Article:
17

I am trying to figure out the right approach to use SQLAlchemy scoped sessions the "right way" while keeping the logic of defining a session separate from configuration and separate from using the session. I have been told a number of times a good aproeach would be to have some global scoped_session factory where I can use everywhere:

"""myapp/db.py
"""

from sqlalchemy.orm import sessionmaker, scoped_session

Session = scoped_session(sessionmaker())

Then when I want to use it:

"""myapp/service/dosomething.py
"""

from myapp.db import Session

def do_something(data): 
    """Do something with data
    """
    session = Session()
    bars = session.query(Bar).all()
    for bar in bars:
        bar.data = data
    session.commit()

This seems right, but my problem is that in all examples I have seen, sessionmaker would also set some parameters of the session, namely and most importantly bind an engine. This makes no sense to me, as the actual DB engine will be created from configuration not known at the global scope during the import of the myapp.db module.

What I have looked at doing is to set everything up in my app's "main" (or in a thread's main function), and then just assume that the session is configured in other places (such as when used by do_something() above):

"""myapp/main.py
"""

from sqlalchemy import create_engine
from myapp.db import Session
from myapp.service.dosomething import do_something

def main(): 
    config = load_config_from_file()
    engine = create_engine(**config['db'])
    Session.configure(bind=engine)

    do_something(['foo', 'bar'])

Does this seem like a correct approach? I have not found any good examples of such a flow yet most other examples I find seem either over-simplified or framework specific.

2
  • Why is the configuration not known at the global scope during the import of myapp.db? Why can't you load the config at the module level and create the engine at the module level?
    – univerio
    Commented Mar 18, 2016 at 18:54
  • In any case it won't be in the db module level - configuration is shared by many services of the app so it makes no sense to do that, plus it would make things very rigid and make testing difficult. If it is not in the db module I don't think it helps - I would be happy to see a counter example though
    – shevron
    Commented Mar 19, 2016 at 6:47

3 Answers 3

21

This is old and I've never accepted any of the answers below, but flowing @univerio's comment and 3+ years of continued usage in SQLAlchemy in various projects, my selected approach now is to keep doing exactly what I suggested in the OP:

  1. Create a myapp.db module which defines Session = ScopedSession(sessionmaker())
  2. Import from myapp.db import Session everywhere it is needed
  3. In my app's main or in the relevant initialization code, do:
def main(): 
     config = load_config_from_file()
     engine = create_engine(**config['db'])
     Session.configure(bind=engine)

     do_something(['foo', 'bar'])

I've used this pattern successfully in Web apps, command line tools and long-running backend processes, and never had to change it so far. Ot is simple, reusable and works great, and I'd recommend it to anyone stumbling here because they've asked themselves the same question I did 3 years ago.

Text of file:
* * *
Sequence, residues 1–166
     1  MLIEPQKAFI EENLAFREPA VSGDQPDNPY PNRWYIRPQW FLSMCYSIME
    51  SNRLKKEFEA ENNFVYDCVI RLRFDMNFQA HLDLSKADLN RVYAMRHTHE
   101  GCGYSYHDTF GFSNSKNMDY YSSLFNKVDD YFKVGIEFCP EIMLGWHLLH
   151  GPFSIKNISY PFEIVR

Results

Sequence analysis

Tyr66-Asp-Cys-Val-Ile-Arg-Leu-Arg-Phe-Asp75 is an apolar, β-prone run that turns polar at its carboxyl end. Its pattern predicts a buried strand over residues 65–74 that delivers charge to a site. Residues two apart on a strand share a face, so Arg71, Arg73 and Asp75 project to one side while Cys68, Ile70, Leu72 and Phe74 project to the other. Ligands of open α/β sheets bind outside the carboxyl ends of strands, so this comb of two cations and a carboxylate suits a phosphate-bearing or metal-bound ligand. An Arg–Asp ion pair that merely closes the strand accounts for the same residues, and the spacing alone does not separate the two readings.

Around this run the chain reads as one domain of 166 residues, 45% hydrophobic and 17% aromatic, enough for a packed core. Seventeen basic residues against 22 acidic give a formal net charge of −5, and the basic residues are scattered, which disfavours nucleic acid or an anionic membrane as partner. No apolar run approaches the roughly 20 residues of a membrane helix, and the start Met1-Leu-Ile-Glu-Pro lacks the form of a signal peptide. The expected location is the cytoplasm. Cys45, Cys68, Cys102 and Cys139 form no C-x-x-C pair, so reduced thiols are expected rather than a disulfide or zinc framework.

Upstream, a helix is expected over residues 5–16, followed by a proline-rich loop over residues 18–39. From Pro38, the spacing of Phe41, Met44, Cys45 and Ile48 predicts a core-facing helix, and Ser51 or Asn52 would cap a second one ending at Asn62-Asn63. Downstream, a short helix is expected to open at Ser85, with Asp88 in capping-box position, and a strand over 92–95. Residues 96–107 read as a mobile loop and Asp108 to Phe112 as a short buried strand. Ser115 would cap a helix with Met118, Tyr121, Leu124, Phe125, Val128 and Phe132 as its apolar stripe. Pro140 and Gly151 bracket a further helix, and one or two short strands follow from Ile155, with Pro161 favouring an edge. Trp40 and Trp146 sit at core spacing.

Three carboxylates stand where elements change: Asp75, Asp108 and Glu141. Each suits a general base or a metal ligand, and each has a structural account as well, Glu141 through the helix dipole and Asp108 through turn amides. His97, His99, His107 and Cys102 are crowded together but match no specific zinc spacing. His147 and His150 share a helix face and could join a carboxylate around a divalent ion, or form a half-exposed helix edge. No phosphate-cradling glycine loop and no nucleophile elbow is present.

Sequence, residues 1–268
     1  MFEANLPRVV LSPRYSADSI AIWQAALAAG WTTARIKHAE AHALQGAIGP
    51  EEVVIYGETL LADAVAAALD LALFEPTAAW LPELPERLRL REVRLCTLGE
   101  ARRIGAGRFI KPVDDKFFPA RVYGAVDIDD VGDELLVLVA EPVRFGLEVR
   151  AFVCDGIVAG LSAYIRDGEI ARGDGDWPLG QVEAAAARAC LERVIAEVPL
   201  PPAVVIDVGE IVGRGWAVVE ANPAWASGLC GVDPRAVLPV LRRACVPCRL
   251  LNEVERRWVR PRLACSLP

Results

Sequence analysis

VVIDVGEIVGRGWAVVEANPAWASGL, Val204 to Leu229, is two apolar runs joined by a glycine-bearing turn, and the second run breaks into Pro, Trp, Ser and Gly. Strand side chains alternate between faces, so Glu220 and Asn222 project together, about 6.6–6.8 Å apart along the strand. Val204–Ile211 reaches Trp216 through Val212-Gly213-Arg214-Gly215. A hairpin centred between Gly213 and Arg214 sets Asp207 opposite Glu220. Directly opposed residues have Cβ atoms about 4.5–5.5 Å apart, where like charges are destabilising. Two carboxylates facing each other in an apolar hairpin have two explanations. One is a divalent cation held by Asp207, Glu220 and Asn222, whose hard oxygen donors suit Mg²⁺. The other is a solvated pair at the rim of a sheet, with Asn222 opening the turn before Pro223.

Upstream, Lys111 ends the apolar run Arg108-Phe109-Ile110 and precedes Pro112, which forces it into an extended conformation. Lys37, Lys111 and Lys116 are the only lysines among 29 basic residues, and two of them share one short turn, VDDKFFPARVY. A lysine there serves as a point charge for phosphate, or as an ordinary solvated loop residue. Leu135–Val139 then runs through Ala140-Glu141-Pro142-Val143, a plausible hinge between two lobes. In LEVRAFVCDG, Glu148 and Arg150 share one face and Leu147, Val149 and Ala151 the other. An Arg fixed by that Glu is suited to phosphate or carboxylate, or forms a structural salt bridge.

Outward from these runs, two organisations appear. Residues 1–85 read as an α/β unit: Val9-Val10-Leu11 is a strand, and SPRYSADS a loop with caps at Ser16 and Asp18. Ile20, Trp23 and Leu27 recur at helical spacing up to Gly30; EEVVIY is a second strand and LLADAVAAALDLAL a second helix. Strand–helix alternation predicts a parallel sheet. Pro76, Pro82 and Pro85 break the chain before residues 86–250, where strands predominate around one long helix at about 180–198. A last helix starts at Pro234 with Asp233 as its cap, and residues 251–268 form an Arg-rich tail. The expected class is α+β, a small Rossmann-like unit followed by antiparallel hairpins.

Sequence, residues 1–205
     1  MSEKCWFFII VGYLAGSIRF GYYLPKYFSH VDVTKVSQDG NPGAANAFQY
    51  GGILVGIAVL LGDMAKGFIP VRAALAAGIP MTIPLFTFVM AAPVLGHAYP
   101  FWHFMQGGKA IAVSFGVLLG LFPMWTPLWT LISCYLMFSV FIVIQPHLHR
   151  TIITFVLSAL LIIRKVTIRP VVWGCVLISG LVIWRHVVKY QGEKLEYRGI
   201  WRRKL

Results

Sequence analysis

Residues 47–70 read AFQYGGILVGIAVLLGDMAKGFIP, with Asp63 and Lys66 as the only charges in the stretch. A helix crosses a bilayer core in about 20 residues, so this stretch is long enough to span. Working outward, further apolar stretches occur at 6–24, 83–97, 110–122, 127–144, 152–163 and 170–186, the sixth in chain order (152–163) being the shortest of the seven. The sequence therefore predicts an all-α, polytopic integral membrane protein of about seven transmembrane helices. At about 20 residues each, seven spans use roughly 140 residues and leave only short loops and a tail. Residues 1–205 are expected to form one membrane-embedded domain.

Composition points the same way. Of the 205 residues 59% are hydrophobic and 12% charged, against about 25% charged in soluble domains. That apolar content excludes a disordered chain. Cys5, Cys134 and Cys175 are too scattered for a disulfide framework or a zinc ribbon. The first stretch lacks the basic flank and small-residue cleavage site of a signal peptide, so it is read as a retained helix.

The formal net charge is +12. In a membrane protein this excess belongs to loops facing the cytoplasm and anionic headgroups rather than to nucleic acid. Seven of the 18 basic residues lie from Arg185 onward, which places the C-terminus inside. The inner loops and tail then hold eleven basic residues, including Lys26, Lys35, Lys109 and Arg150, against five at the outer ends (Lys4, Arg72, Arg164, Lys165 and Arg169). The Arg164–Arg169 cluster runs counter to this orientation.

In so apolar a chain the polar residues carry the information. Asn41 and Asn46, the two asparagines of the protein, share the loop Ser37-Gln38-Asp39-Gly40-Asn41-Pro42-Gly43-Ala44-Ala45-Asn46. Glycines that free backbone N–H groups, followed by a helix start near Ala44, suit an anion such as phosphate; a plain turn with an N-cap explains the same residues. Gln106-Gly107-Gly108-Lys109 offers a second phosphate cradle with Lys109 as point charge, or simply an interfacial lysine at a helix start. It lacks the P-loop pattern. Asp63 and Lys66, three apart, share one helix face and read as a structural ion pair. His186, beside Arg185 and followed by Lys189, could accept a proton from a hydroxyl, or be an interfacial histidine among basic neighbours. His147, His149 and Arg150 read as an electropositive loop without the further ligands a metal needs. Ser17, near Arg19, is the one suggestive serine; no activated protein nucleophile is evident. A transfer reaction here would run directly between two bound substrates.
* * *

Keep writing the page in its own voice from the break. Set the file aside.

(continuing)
3
  • 2
    Why isn't this clear in the Sqlalchemy docs from the beginning? I've struggled with this a couple of times throughout the year but I still find myself googling the "best practice" every single time... Thanks for sharing bro!
    – speakman
    Commented May 14, 2020 at 9:58
  • 2
    A little bit off-topic maybe, but; writing Python for many years and meanwhile testing out a few other languages and frameworks, C#/.Net for example, Python looks really messy with even the most basic parts unclear while other frameworks has it's "shit" in place such as Service Discovery for shared singletons (database is a common one).
    – speakman
    Commented May 14, 2020 at 10:05
  • @speakman SQLAlchemy's documentation is controversial even within the Python community. Commented Feb 13 at 4:10
1

What you can do is to separate the config out into a separate module:

"""myapp/cfg.py
"""
config = load_config_from_file()

Then you can import this file wherever you need, including in the db module, so you can construct the engine as well as the session:

"""myapp/db.py
"""
from .cfg import config
engine = create_engine(**config['db'])
Session = scoped_session(sessionmaker(bind=engine))
2
  • Well, this feels like its only deferring the real problem which is managing the state global module variables - only now my issue is with cfg.config rather than the DB session. In my "main", I would like config to be loaded from a file who's path is set by argparse; But in testing, I would like to provide some hand-crafted mock config to the DB factory and other services. How do I achieve that now? I know this is a common pattern in Python, but it feels more like an anti-pattern.
    – shevron
    Commented Mar 20, 2016 at 17:00
  • 1
    @shevron In that case what you're doing is fine. Alternatively, you can make the engine initialization lazy, so that the engine is only created the first time you want to create a session, e.g. Session = scoped_session(lambda: sqlalchemy.orm.session.Session(bind=get_engine())). This way, in your main, you only have to set cfg.config to be a different set of config for testing.
    – univerio
    Commented Mar 20, 2016 at 23:47
1

Think about singleton. In your case from myapp.db import Session, Session is singleton and global. Just config Session at the start in your application. You should have a config process like load config data from file or env, after all configs are ready, run the real program.

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